Ltd. filed a classification list dated 20th May, 1981 in respect of the said goods classifying the same under Tariff Item 12 for approval and claimed exemption under notifica- tion No. 9/60 dated 20th February, 294 1960. The Assistant Collector of Central Excise, Hyderabad III Division by an order dated 16th June, 1981 (held that the hydrogenated rice bran oil was classifiable under Tariff Item 68 of the Central Excise Tariff (hereinafter referred to as 'CET'), because hydrogenated rice bran oil is solid at the ordinary-temperature and therefore should be considered as fat and not as oil. The Assistant Collector observed that there was one opinion that the said goods could not fall under Tariff Item 12 as it was unfit for human consumption.
The Assistant Collector observed that the said goods was new product after manufacture, having a distinct name, character and .use and as such it fell under Tariff Item 68-CET. The respondent on the other hand maintained before the Assistant Collector that the said goods was semi-solid and still vegetable non-essential oil failing under Tariff Item 12- CET.
Being dissatisfied with the order dated 16th June, 1981, the respondent appealed before the Appellate Collector of Central Excise, Madras. By an order dated 30th November, 1981, the Appellate Collector held that hydrogenated rice bran oil is classifiable under Tariff Item 12-CET and there- fore ordered for consequential relief to the respondent.
The order of the Appellate Collector holding that the said products are classifiable under Item 12-CET had not been reviewed by the Central Government under section 36(2) of the Act. The appellate Collector was therefore of the view that even after the superhardening or hydrogenation vegetable oil did not cease to be oil even it became solid-.
The Central Government, Ministry of Finance, Department of Revenue, being of the view that the order of the Appel- late Collector was not proper, legal and correct, issued a show cause notice dated 12th May, 1982 to the respondent.
The Central Government informed the respondents in the show cause notice that it appeared to the Government that the hydrogenation of rice bran oil is a process of manufacture which brings into existence a new product known as hydroge- nated rice bran oil in commercial parlance having a distinct name, character and use and this end product would have been classified under Item 13 had it been fit for human consump- tion It was further observed in the said show cause notice by the Government that as the melting point of the hydroge- nated rice bran oil is more than 45degree C it was of the nature of extra-hardened, vegetable product which was unfit for human consumption and since it was distinct from vegeta- ble 295 non-essential oil it would prima facie be classifiable under the residuary item 68-CET.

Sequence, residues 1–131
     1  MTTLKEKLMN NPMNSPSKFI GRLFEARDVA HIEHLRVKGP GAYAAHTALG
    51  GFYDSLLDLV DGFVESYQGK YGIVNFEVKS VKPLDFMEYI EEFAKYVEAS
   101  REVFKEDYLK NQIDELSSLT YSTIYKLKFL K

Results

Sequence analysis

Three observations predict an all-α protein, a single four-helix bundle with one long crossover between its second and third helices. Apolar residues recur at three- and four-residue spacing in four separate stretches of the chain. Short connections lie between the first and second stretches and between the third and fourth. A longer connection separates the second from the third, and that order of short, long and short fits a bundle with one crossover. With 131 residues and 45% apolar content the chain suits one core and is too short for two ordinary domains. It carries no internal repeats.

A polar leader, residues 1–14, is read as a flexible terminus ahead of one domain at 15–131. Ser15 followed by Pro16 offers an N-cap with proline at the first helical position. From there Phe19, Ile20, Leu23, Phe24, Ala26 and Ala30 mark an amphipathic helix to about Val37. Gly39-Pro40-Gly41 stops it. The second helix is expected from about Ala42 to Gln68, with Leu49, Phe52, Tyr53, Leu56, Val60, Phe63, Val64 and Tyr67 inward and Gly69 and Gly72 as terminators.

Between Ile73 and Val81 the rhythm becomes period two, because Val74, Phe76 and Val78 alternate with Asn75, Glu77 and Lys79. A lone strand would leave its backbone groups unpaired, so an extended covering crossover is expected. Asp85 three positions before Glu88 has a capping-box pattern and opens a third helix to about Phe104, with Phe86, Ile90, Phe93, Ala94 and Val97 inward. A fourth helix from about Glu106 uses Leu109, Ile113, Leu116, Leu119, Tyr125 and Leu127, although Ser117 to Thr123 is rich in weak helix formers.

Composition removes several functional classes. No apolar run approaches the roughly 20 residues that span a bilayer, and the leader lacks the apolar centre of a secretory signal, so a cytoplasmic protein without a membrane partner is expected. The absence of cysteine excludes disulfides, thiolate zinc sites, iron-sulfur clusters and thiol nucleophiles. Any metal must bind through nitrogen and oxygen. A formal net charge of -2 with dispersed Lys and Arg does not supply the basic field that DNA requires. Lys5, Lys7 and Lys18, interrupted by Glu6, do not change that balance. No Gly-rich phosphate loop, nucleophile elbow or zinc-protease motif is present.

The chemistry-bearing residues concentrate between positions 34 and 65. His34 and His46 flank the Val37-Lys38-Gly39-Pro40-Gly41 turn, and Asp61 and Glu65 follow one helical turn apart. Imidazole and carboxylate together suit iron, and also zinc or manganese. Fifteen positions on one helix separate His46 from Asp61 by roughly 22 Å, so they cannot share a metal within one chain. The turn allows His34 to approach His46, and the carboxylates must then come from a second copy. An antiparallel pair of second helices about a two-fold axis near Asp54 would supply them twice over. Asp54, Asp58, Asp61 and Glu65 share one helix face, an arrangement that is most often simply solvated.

The respondents were, therefore, called upon to show cause as to why the order of the Appellate Collector should not be set aside and that of the Assistant Collector re- stored.
The matter came up before the CEGAT. The CEGAT noted in its impugned order that the appeal was concluded by the judgment of the five member Bench of the Tribunal in the case of M/s Tata Oil Mills Co. Ltd. (1986 Vol. 24 ELT 290) and held that the order dated 30th November, 1981 of the Appellate Collector was correct and dismissed the appeal of the appellant.
It is necessary, therefore, to refer to the order of the CEGAT. The CEGAT noted that vide order dated 16th June, 1981 the Assistant Collector classified the hydrogenated rice bran oil manufactured by the respondents, M/s Jayant Oil Mills Ltd. under Item 68-CET. The question, therefore, that was urged before this Court was whether the CEGAT was in error in holding that the hydrogenated rice bran oil was a process of manufacture which brought into existence a new product, i.e., hydrogenated rice bran oil.
Indubitably hydrogenation of rice bran oil is a process.
But all processes need not be manufacture. It must be such a process which transforms the old articles into a goods and changes the identity, use and the purpose of use of the goods undergone by the process. By the process which can be considered to be manufacture a new identifiable good, in the sense known in the market as such must come into being. But that is one part of the view. It appears, however, that the melting point of the hydrogenated rice bran oil is 45degree C and it is in the nature of extra-hardened vegetable proc- ess which is unfit for human consumption. It was taken to be classifiable under Tariff Item 68-CET.
Similar are the facts in Civil Appeal No. 2479 of 1987 before us in the matter of Collector of Central Excise, Madras v. M/s Tara Oil Mills Co. Ltd. There also, the CEGAT allowed the appeal of the respondents and held that the extra hardened rice bran oil continued to remain as oil classifiable under Item 12-CET. It is necessary to decide in both these matters the nature of the product.
Rice bran oil is extracted out of rice bran by solvent extraction method. After such extraction, rice bran oil obtained is in liquid form.
296 The parties purchase rice bran oil from the market and process it. The process is reported to be as follows. The oil is heated to above 80degree C and the impurities are removed by adding exalic acid and caustic lye. The purified oil is then bleached by heating it to 85degree C to 100degree C and thereby treating with fullers earth. The processed oil is then hardened by passing it through hydro- gen gas. During hydrogenation, the oil absorbs two atoms of hydrogen and the unsaturated fatty acid present in the oil becomes saturated. The oil is then in a semi solid condition and its melting point is raised to 45degree C or more. In the hardened state, the oil looks like vanaspati (or vegeta- ble product, to use the Central Excise terminology) but there is a difference in the degree of hydrogenation of the two. The melting point of vanaspati, which is commonly used as cooking medium, does not exceed 37degree C while the melting point of hardened rice bran oil in dispute before us is between 45 degree C-52 degreeC. At such high melting point, the oils are no longer edible by human-beings. In order to differentiate between edible hydrogenated oils (vanaspati) and super hydrogenated vegetable oils, the latter are referred to as extra hardened oil or super hard- ened oil. The record before us shows that they are also known as 'vegetable tallow' or 'hard lump' or 'hardened technical oil of industrial hard oil' or just 'hardened oil'. This hardening of oil is necessary for soap making;